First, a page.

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Twelve-year-old Abilene Tucker is the daughter of a drifter who, in the summer of 1936, sends her to stay with an old friend in Manifest, Kansas, where he grew up, and where she hopes to find out some things about his past. Over the summer she pieces together his story. Having heard stories about Manifest, Abilene is disappointed to find that it's just a dried-up, worn-out old town. But her disappointment quickly turns to excitement when she discovers a hidden cigar box full of mementos, including some old letters that mention a spy known as the Rattler. These mysterious letters send Abilene and her new friends, Lettie and Ruthanne, on an honest-to-goodness spy hunt, even though they are warned to "Leave Well Enough Alone." Abilene throws all caution aside when she heads down the mysterious Path to Perdition to pay a debt to the reclusive Miss Sadie, a diviner who only tells stories from the past. It seems that Manifest's history is full of colorful and shadowy characters--and long-held secrets. The more Abilene hears, the more determined she is to learn just what role her father played in that history. And as Manifest's secrets are laid bare one by one, Abilene begins to weave her own story into the fabric of the town.
Clare Vanderpool does a good job of weaving Manifests 1918 story into Abilenes 1936 life. Through Ned's letters, Hattie Mae's News Auxilliary, and of course Miss Sadie's story. I enjoyed this book very much.
A debut novel reminiscent of Richard Peck’s historical fiction, though without his trademark humor. Which is not to say that the book’s humor falls short; rather, Moon Over Manifest’s strength is its narrator, twelve year old Abilene. The novel shifts easily between Abilene’s 1936 present, and her father’s 1918 past, as Abilene discovers Manifest’s history, and her father’s history as well. Different typefaces make the shift between past and present clear, and Vanderpool cleverly clarifies points in the narrative that readers may miss through other characters. She uses enough historical detail to have a richly evocative world, without burdening the narrative. Some middle school readers will chafe at the pace of the text; 346 pages covers one summer of Abilene’s life and much of the action centers on events in the past. However, readers who like historical fiction and well-developed characters will find this a satisfying read. Vanderpool helpfully provides a list of characters, and also has an afterword that discusses what is nonfiction and what she created. Budding writers may be interested in her description of how she fictionalized the town her grandparents grew up in. Highly recommended for purchase by school libraries, but please, avoid making this great novel into a ‘school book’. For readers not ready for it, it would be a waste of a great story.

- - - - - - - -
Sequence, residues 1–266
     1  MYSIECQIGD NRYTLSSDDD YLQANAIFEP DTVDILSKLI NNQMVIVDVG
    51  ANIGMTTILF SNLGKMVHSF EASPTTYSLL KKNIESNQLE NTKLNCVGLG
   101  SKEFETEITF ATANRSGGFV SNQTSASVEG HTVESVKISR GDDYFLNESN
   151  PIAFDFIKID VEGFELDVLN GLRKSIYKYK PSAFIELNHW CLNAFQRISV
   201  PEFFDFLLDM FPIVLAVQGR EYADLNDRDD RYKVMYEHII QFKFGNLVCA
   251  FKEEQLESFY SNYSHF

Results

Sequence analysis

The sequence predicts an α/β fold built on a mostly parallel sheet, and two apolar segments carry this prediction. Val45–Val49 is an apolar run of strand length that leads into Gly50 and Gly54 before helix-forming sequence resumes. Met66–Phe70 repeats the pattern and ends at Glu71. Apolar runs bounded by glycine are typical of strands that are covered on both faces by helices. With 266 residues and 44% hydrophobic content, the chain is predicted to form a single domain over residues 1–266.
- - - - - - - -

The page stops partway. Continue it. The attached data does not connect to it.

Interesting story that weaves together two different years in a small town in Kansas and the people who lived there. I liked that there was a bit of a mystery to who the characters in 1918 were and how the items Abilene finds under the floor all have significance to the story.